Study Guide

The Brain in I, Robot

By Isaac Asimov

The Brain

Like Shmoop, Brain is a super-computer with the personality of a child. And that is how Brain solves a problem that no other computer could solve.

Unlike most of our other important robots, Brain is more like a computer than a robot—he's just a brain (41). But since he has (or, ahem, is) a positronic brain, he has a personality, like the other robots we've met in these books (30-1). So, whereas US Robots has emotional robots, their rival Consolidated only has thinking machines (30). Unlike those thinking machines, which broke down when trying to solve the hyperatomic drive problems, Brain can solve the problem of how to travel through hyperspace precisely because he has a personality. And by the time we've reached this story, the idea of robots with emotions and personality should be no surprise. So when Calvin says something surprising, we're not surprised when Brain goes "Gosh" and "By golly" (47, 49). Well, we might be surprised because that's so kid-like; but we're not surprised that Brain is human-like.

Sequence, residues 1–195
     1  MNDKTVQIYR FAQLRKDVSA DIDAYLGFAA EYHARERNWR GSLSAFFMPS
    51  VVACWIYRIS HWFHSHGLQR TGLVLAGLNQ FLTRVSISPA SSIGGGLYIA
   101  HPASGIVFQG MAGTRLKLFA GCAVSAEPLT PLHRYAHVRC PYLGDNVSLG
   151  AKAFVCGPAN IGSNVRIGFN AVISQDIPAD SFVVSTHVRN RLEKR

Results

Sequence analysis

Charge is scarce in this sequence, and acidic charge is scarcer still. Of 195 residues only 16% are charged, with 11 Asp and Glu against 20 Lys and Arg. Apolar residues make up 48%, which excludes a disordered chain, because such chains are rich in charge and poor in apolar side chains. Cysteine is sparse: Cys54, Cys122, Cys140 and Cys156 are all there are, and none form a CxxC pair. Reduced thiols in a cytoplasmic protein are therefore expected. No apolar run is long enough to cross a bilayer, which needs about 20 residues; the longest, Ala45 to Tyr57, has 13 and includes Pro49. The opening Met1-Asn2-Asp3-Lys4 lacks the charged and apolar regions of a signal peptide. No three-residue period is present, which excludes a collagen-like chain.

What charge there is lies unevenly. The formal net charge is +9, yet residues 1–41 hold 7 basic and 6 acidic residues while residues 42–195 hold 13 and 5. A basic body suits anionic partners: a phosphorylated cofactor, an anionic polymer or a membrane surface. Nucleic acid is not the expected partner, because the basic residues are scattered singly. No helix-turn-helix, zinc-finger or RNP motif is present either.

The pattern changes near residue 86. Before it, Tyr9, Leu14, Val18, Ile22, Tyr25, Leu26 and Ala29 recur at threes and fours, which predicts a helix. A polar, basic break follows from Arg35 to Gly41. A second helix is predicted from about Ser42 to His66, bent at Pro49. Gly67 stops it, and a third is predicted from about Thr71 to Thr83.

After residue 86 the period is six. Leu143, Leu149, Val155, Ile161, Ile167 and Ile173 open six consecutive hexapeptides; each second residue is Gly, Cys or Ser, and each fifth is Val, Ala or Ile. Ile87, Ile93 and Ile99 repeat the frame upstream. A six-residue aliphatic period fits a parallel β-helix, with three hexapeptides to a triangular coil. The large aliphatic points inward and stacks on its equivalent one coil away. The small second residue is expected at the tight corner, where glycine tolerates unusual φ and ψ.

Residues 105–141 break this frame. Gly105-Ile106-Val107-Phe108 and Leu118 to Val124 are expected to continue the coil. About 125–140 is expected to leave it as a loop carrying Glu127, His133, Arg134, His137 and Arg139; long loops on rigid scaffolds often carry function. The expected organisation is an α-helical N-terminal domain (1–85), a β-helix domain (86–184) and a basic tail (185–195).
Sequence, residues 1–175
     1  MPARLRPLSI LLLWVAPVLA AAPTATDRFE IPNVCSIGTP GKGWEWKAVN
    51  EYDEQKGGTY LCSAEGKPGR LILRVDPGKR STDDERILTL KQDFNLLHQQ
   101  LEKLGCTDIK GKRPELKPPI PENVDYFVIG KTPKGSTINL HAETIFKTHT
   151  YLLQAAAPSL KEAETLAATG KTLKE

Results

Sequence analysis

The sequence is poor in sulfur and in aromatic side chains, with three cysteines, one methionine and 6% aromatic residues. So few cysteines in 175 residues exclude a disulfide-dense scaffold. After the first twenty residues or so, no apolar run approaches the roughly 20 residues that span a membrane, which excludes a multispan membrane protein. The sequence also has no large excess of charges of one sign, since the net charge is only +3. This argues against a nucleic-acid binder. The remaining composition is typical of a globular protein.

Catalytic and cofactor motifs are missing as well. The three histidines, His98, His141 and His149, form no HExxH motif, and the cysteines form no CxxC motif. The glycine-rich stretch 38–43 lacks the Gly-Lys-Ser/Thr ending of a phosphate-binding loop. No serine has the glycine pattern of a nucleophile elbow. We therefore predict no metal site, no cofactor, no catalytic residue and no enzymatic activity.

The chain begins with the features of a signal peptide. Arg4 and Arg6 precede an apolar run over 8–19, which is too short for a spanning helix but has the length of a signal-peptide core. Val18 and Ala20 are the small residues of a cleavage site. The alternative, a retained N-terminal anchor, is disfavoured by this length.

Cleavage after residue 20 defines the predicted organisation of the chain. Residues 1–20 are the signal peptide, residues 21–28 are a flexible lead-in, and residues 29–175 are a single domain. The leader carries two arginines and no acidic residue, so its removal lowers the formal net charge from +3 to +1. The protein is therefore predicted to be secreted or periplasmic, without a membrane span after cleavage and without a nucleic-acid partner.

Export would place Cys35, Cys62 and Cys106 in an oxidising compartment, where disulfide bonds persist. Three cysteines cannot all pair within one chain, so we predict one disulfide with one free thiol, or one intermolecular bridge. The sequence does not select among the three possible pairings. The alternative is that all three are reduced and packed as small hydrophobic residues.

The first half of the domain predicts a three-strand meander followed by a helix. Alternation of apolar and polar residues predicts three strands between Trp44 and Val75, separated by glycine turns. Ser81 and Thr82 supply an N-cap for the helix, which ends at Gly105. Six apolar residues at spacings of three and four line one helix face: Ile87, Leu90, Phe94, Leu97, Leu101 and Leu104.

Now, Brain is useful to this story because he can do the impossible—solve hyperspace—by doing something else impossible—killing people. Of course, he can only "kill" people because it's temporary; because Susan Calvin told him that we don't mind being dead (48); and because he finds a sense of humor as an escape valve (322). This makes "Escape!" kind of a strange story: Calvin figures out what's going on, but even if she didn't, nothing bad would happen to anyone. Which is just a nice way to remind us that robots are on our side.

In fact, "Escape!" really shows us how necessary robots are to us; that is, Robbie might have helped take care of Gloria, but really, any nursemaid would've helped, even a human. But Brain does something that only he could do.

What does this robot tell us about robots? He tells us that robots are necessary to our technological progress. Brain also reminds us that emotions and personality are an important part of science and progress. And he reminds us how annoying some little kids can be.